Is Florida financially ready for hurricane season?
Florida and it's big insurance companies are ready for a hurricane.
That's the message from four people at the center of the financial preparedness of the state and the insurance industry serving Florida homeowners. In an exclusive interview, each of them expressed confidence that the state, the state-backed insurance provider Citizens Property Insurance, and private insurers have the financial wherewithal to withstand a major storm like Hurricane Andrew or a series of storms like the 2004-2005 seasons hitting the state.
• Florida's Chief Financial Officer Jeff Atwater
• Florida's Insurance Commissioner David Altmaier
• Citizens Property Insurance CEO Barry Gilway
• former Florida Insurance Commissioner Kevin McCarty
Financial Preparedness of Florida
Atwater:(Florida has) an extraodinary, robust insurance market. If we have an Andrew event, we're now in good shape. If we have multiple events, (like 2004-2005), will the claim be paid? Almost by any type scenario we should be able to handle it. We're in good shape.
McCarty:We're going (into the hurricane season) probably the best position we've in over a decade.
What happens to pre-Andrew construction in 110 mph (Category 2) winds:
Citizens Property Insurance
Gilway: We've never been, ever in our history, quite as well prepared financially. We currently have about 490,000 policyholders. We used to have, just four years ago, over a half trillion dollars in insured exposure. Today that's down to about $140 billion of exposure.
Four years ago if a 1 in 100 year storm would have occurred we would have required a $11.6 billion assessment. That assessment as of 2015 is gone.
Today we could weather a 1 in 100 year initial storm and a 1 in 16 year second storm and we still would not have to assess policyholders.
Private Insurance MarketLast year the state required private insurers to pretend their policyholders were hit by different storms. The stress testwas designed to see how the insurers' financial exposure would be impacted and to decide if an insurer needed more financial protection. All 67 insurers that took part passed the tests. However, for 40 of those companies, these test storms are the only hurricanes they've experienced. Forty of the 67 insurers began writing coverage in 2004 or after.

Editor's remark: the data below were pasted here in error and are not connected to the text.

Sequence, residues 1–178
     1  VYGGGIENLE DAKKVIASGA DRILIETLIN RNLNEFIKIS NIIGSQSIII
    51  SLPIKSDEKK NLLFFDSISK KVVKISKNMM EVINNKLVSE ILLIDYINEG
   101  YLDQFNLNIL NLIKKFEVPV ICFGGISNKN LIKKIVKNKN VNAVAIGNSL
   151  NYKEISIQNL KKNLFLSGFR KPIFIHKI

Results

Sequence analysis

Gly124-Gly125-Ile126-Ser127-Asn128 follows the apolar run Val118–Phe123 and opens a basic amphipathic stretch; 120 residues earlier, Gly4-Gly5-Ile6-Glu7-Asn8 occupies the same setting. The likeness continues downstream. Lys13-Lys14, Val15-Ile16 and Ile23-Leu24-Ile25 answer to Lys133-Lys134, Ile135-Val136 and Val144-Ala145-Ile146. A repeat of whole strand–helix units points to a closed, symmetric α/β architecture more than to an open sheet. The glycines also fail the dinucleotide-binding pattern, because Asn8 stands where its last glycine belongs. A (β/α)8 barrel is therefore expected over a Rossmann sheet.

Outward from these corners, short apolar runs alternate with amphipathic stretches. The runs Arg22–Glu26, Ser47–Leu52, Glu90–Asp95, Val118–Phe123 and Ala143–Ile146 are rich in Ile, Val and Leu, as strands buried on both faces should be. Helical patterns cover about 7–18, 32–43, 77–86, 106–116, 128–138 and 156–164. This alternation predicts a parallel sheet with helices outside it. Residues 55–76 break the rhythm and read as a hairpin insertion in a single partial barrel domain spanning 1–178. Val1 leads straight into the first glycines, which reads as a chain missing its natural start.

The 2016 stress test results will be available this autumn.
Altmaier: There are a lot of encouraging factors at play in our marketplace that give us a lot of confidence that our private companies are going to be able to respond in times of stress. Several years ago when the legislature raised the surplus requirement for property (insurers) to $15 million, that was a huge step. Our insurance companies are really driving (talks) when it comes to negotiating with the reinsurance companies whereas back in 2008-2009, the roles were reversed.
One of the components that we collect from our insurance companies is there disaster recovery plans. What do they have in place in terms of bringing their systems back online if they happen to be knocked out? What do they have in place in terms of claims adjusters? We've seen some really impressive technology from some of our companies of how they're going to deploy their adjusters (and) look at areas that have been impacted by disasters.
The truth is we'll see how that pans out when we have an event. The indications are very encouraging at this point.
Florida has more flood insurance policies than any other state, but fewer than it used to have just three years ago. Since 1968, the federal government has had a monopoly in flood insurance after private insurers stopped offering it. That has started to change, slowly, in Florida, where a handful of companies now offer flood protection. Still, the federal insurance program remains the default option for homeowners wanting or needing flood insurance. And that federal program is broke. It's $23 billion in debt.Legislation reforming the flood insurance program passed in 2012 and costs to homeowners rose. Another bill in 2014 rolled back reform provisions that had led to the sharply higher flood insurance premiums.
Atwater: For Florida, the economic driver is the acquisition of real estate and the transferring of real estate. It is significant to our general revenue to the state. It is significant to all economic activities in our communities. This would have hugely detrimental impacts on our economy if we have an event and those (flood) losses can't be sustained by those families (without flood insurance). McCarty: Before we start ratcheting up the prices, we need to make sure we have the capacity in the marketplace. You can't have the capacity in the marketplace if you have a monopoly on the data from which those companies will build their pricing.
In 2008, the trade group representing the reinsurance industry in America adopted a policy acknowledging the financial risk of climate change. Members of the Reinsurance Association of America are companies most people have never heard of, but they are the companies that insurance companies buytheirinsurance from.
McCarty: There is no question that there is a potentially dramatic impact on a low-lying area like Florida with rising sea levels and the impact from an increased frequency of storms.
Atwater: We are seeing a return of a robust insurance marketplace and a return of healthy growth in our state's financial condition. That is beginning to mask longer term issues that we're going to have to push and try to begin to force the kind of action that often in the legislative process and political process does not ripen until a crisis. We have to broaden the long term conversation for what's going to face Florida across a broad range of issues -- this being one of those.
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